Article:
Saturday, January 7, 2017

De Journey to My Solstice

Imprecise memories mingle.
It is not obvious in my days 
what I tangle in my mind.
Fallible in skips, voids, 
misplaced in thought and keys
at midlife, still searching for luck .

Four-leaf clovers occupied my imagination
more than Barbie or Jesus. 
Suspecting luck, the kissing cousin of fate,
would - could - should hobnob;
leapfrogging me over necessity 
into a tyranny of urgent, of possible

with Art. Fractal Gobbled-y-gook:
What does one do with luck?  Get a snowflake’s
destiny! Help it along. Add a regal “de”
before the family name.

Vittorio de Sica, our acquaintance made 
in caressed pages of a shelf-long encyclopedic
book by wide-eyed ogling, me. Our name 
in local marquee lights. Comedic. The world 
is on show. Divorce Italian Style’. A matinee. 
A man, nothing to do, nowhere to go. Fate’s 
finite area rhythmically repeats. Irony 
in cinematic modes of vision, unerring.
Serendipity, makes both true: choice and 
chance. I marvel. A celluloid masterpiece, 
directed by an infinitely distant cousin. Awake
from Winter an invisible Summer, an uncertain
man and his dog story, Umberto D (and Flike)

My last triad, taking stock again of leaves 
embracing the darkness of My Solstice and nature 
like a poet with cautions to heed: not to arrive 
with Blue Jay beggary I fold into the dark 
with thickened fur, to cherish the world and people
as they are, with all their failings, and faint
tender connections to the beauty of being. Space 
lurks in the tilted balance of my body clock 
between same old things in infinite perimeter. 

Copious clover with three leaves belie the fact
that Life is truly a factor of four

By Adele Houston Week One and Two of 2017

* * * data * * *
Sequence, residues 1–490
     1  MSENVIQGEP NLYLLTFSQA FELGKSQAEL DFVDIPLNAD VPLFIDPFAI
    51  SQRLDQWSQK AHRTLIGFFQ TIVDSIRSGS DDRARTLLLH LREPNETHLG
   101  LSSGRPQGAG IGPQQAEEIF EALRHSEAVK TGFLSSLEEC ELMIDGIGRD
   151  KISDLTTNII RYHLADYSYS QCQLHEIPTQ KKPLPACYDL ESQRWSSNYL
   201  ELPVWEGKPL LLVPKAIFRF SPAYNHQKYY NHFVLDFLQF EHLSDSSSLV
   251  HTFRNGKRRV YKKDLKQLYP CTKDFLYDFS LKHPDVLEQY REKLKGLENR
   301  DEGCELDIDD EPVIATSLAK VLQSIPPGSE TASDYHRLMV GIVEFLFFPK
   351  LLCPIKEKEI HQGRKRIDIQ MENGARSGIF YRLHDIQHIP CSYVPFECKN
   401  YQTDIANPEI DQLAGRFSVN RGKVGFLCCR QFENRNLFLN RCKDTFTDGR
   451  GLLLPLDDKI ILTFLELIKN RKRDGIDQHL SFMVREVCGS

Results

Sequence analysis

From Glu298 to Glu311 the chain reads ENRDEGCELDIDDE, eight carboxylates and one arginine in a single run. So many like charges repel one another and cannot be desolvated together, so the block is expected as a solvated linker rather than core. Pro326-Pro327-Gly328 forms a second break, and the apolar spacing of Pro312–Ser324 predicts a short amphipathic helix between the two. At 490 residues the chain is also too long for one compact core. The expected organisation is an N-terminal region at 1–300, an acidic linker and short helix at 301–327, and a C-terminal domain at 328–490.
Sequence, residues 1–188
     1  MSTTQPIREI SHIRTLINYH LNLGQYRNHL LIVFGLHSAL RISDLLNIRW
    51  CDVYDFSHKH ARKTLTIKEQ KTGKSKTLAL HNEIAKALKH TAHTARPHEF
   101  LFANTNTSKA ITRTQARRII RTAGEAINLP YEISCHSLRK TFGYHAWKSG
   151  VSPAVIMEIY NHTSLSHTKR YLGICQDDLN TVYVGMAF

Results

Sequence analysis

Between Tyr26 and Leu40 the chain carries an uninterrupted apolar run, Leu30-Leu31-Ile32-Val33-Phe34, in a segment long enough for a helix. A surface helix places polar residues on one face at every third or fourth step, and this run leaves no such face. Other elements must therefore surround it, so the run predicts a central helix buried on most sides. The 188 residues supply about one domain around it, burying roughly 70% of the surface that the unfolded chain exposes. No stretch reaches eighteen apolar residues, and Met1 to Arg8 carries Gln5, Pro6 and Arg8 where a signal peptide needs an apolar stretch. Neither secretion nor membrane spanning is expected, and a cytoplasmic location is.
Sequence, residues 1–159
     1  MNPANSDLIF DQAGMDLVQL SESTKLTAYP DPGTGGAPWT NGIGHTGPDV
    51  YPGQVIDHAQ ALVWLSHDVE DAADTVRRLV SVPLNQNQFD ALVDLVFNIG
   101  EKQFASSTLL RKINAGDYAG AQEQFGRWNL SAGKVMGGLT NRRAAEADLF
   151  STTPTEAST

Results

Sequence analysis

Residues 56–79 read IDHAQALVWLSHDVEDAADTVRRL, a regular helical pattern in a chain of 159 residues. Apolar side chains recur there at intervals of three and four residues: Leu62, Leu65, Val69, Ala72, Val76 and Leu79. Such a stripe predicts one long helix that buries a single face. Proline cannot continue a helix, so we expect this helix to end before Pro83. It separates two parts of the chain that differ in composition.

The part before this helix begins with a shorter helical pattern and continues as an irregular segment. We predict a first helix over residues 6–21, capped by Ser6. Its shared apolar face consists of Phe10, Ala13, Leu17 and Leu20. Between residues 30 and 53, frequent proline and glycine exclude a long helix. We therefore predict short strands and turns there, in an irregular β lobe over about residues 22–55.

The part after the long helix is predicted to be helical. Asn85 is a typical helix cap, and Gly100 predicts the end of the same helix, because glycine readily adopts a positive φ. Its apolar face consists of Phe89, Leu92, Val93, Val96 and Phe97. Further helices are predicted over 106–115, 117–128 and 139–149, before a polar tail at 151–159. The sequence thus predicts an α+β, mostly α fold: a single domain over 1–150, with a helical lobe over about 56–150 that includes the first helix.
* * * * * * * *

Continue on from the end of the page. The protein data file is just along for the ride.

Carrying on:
The Writing Prompt: Use concepts of Transition, Solstice, New Adventure, Hero’s Journey, or other concept of change relating to endings and beginnings. Relate it to yourself, our world, religion, politics, or other situation that feels right
. NOTE: Maiden name S.A.Sica

Saturday, December 17, 2016

Here (Wallingford CT)

We are here, agreeable.
Entwined like vineyard vines; a village
with commons and parade ground.
A riverside place of Puritan roots, whole
tribes cleaned like fowl and fish
their proudest names in covert
remembrance as rivers, and trails.

We are here, agreeable.
Where crossroads of four corners, so rare
to be perpendicular among the confluence
of hills. Grandma Moses vistas; planted
steeples, barns, and seasonal trees
Elm, Oak, Yew and Chestnut. 
Each rival nature in long years. In-filled
with Evergreens and orchards, and streets 
lined with blossoming pear.

We are here, agreeable.
Sans many grandiose homesteads, inns and means.
Historic traces in pewter, silver, and smiths.
Parks and buildings ceremoniously christened.
Community beyond calamities, actual and imaginary,
Indians, beasts, famine, the great white plague;
a disease or Other, French, Dutch or Devil,

We are here, agreed.
Beyond ‘stretched to the highest tension’
of trains, of tracks, of cable, of speech.
An incubator for Masons, sanitariums, private
schools, societies - secret or just safe. Moose
Elk and Bear bridge the boundaries of heritage
and markers declare Americana: George
passed through – here.

We are here, agreed.
Sans dragoman, yet a King
An Emperor, Czar, a few godfathers
and Dragons among an army of partisans
Few foolhardy in dissent.  Bullets in descendant’s
hands; now needles in young arms.  As if
it were the fittest missionary. Still. Our history
brings hands to our ears.

We are here, central to all.
Gatherers of stone for fountains